JFBS available from this same link (see the ‘Guide for Authors’ link at the top of the page).
Authors should clearly indicate in their cover letter that the manuscript is for the Special Issue
“REPLICATION” and choose “SI-REPLICATION” as article type upon submission.
Submission window opens: August 1, 2020
Manuscripts due by: January 31, 2021
Tentative publication of the Special Issue: January 2022
For questions on this special issue, please contact the managing guest editor, Jasper Brinkerink,
About the Journal
Journal of Family Business Strategy (JFBS) publishes research that contributes new knowledge
and understanding to the field of family business. The Journal is interdisciplinary and international in scope and welcomes submissions that address all aspects of how family influences business and business influences family. JFBS publishes quantitative research as well
as qualitative work and purely theoretical or conceptual papers. Further details on JFBS can be
obtained from http://www.elsevier.com/locate/jfbs or by contacting the Editor-in-Chief, Torsten Pieper, via firstname.lastname@example.org.
Aguinis, H., Ramani, R. S., & Alabduljader, N. (2018). What you see is what you get? Enhancing methodological transparency in management research. Academy of Management Annals, 12(1), 83-110.
Asendorpf, J. B., Conner, M., De Fruyt, F., De Houwer, J., Denissen, J. J., Fiedler, K., ... & Perugini, M. (2013). Recommendations for increasing replicability in psychology. European Journal of Personality, 27(2), 108-119.
Bergh, D. D., Sharp, B. M., Aguinis, H., & Li, M. (2017). Is there a credibility crisis in strategic
management research? Evidence on the reproducibility of study findings. Strategic Organization, 15(3), 423-436.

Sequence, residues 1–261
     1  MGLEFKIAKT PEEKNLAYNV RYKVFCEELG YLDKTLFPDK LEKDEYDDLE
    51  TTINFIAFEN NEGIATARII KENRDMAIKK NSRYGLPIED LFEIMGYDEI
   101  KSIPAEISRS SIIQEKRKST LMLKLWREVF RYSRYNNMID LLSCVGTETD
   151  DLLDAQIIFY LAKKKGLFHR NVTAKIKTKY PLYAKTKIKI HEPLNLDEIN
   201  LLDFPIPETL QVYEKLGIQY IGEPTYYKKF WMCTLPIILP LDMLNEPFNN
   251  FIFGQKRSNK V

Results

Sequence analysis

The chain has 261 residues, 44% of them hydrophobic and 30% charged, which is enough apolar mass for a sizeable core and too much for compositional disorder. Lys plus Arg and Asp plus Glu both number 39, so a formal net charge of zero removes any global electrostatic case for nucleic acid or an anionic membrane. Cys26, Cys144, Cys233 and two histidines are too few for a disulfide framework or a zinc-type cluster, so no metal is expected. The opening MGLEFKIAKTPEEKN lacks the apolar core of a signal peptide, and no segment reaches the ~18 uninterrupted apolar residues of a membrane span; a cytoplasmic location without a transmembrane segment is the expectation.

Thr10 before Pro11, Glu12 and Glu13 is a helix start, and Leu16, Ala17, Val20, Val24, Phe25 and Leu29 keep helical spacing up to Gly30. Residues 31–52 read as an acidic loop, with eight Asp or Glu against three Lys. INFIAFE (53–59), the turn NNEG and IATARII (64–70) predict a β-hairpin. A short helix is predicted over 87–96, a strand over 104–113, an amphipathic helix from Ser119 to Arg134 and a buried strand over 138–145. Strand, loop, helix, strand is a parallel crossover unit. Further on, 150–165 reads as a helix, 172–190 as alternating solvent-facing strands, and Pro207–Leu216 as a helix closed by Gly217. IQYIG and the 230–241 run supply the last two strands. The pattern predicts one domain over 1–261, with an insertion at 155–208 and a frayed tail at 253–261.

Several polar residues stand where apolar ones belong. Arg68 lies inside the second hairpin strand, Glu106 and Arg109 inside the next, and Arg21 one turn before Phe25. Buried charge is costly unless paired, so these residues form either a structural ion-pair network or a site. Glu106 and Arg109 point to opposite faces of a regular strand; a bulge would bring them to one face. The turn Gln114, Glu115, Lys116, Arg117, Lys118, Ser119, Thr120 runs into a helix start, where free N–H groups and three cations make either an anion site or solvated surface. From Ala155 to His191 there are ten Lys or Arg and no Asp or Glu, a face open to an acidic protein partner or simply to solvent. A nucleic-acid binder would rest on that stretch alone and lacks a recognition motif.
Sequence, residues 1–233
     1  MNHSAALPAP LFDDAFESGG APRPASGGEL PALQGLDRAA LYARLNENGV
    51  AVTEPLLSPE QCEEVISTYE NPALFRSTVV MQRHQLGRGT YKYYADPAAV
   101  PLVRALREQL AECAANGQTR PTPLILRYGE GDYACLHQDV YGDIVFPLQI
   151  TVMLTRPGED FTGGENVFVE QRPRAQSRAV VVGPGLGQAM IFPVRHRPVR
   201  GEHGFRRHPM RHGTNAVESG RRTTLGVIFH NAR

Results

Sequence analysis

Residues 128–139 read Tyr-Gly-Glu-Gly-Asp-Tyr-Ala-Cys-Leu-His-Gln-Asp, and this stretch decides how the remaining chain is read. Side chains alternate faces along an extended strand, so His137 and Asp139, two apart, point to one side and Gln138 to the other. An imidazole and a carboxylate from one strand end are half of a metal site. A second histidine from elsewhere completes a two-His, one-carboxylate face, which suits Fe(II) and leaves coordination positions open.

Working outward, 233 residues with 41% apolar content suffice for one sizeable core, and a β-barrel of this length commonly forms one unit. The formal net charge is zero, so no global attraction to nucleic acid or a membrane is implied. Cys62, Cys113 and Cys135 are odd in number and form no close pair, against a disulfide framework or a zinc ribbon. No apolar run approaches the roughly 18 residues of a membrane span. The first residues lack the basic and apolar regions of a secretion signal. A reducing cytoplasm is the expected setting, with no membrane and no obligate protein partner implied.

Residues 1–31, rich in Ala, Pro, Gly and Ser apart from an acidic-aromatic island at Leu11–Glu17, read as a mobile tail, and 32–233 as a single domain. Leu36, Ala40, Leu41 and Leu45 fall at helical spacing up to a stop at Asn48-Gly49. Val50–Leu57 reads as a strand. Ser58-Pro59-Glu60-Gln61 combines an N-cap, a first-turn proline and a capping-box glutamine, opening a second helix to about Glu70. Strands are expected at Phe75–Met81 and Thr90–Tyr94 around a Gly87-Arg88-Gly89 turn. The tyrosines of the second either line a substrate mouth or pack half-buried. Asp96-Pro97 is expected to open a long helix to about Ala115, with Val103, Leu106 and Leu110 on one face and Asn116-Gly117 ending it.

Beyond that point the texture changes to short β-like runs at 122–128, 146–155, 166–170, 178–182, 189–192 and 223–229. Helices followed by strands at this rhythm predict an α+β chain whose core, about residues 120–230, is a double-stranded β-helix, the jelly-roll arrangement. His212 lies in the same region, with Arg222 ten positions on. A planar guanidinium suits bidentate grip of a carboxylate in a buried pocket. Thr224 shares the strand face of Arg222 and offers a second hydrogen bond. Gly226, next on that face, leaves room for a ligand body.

Bettis, R. A., Ethiraj, S., Gambardella, A., Helfat, C., & Mitchell, W. (2016a). Creating repeatable cumulative knowledge in strategic management. Strategic Management Journal, 37(2), 257-261.
Bettis, R. A., Helfat, C. E., & Shaver, J. M. (2016b). The necessity, logic, and forms of replication. Strategic Management Journal, 37(11), 2193-2203.
Block, J., & Kuckertz, A. (2018). Seven principles of effective replication studies: strengthening the evidence base of management research. Management Review Quarterly, 68(4), 355-359.
Burman, L. E., Reed, W. R., & Alm, J. (2010). A call for replication studies. Public Finance Review, 38(6), 787-793.
Easley, R. W., Madden, C. S., & Gray, V. (2013). A tale of two cultures: Revisiting journal editors' views of replication research. Journal of Business Research, 66(9), 1457-1459.
Epstein, S. (1980). The stability of behavior: II. Implications for psychological research. American Psychologist, 35(9), 790-806.
Ethiraj, S. K., Gambardella, A., & Helfat, C. E. (2016). Replication in strategic management. Strategic Management Journal, 37(11), 2191-2192.
Fang, F. C., Steen, R. G., & Casadevall, A. (2012). Misconduct accounts for the majority of